Current City, State, Country
Birth City, State, Country
Alison Stone has published seven full-length collections, Zombies at the Disco (Jacar Press, 2020), Caught in the Myth (NYQ Books, 2019), Dazzle (Jacar Press, 2017), Masterplan—a book of collaborative poems with Eric Greinke (Presa Press, 2018), Ordinary Magic (NYQ Books, 2016), Dangerous Enough (Presa Press 2014), and They Sing at Midnight, which won the 2003 Many Mountains Moving Poetry Award; as well as three chapbooks. Her poems have appeared in The Paris Review, Poetry, Ploughshares, Barrow Street, Poet Lore, and many other journals and anthologies. She has been awarded Poetry’s Frederick Bock Prize and New York Quarterly’s Madeline Sadin Award. She was Writer in Residence at LitSpace St. Pete. She is also a painter and the creator of The Stone Tarot. A licensed psychotherapist, she has private practices in NYC and Nyack.
What is the relationship between Judaism and/or Jewish culture and your poetry?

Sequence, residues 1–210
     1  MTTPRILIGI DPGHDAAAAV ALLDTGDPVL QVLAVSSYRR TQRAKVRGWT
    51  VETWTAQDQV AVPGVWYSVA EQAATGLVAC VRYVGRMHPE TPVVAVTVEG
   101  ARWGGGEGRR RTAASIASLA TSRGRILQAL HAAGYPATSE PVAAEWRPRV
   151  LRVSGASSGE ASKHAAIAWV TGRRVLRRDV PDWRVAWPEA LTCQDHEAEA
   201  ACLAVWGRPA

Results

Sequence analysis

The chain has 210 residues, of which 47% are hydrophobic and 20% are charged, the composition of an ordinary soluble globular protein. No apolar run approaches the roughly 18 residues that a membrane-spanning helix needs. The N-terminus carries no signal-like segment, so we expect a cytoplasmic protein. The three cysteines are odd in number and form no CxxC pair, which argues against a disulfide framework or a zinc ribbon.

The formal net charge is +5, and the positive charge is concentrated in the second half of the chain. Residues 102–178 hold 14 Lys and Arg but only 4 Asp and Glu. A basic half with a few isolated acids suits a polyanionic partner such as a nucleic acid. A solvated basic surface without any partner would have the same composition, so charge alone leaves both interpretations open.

I grew up suppressed and wounded by Judaisms patriarchal bias and downright misogyny. The first overtly Jewish poems I wrote were about Lilith. I’ve continued a feminist re-visioning of myth, taking on Lot’s wife, Lot’s daughters, Jezebel, and others. Recently, I tried a male character, imagining how Isaac must have felt realizing his father planned to kill him.
To See What Rises (CW Books, 2023)
Zombies at the Disco (Jacar Press, 2020)
Caught in the Myth (NYQ Books, 2019)
Dazzle (Jacar Press, 2018)
Masterplan; with co-author Eric Greinke (Presa Press, 2018)
Ordinary Magic (NYQ Books, 2016)
Dangerous Enough (Presa Press, 2014)
They Sing at Midnight (Many Mountains Moving Press, 2003)
Guzzle (Dancing Girl Press, 2017)
Borrowed Logic (Dancing Girl Press, 2014)
From the Fool to the World (Parallel Press, 2012)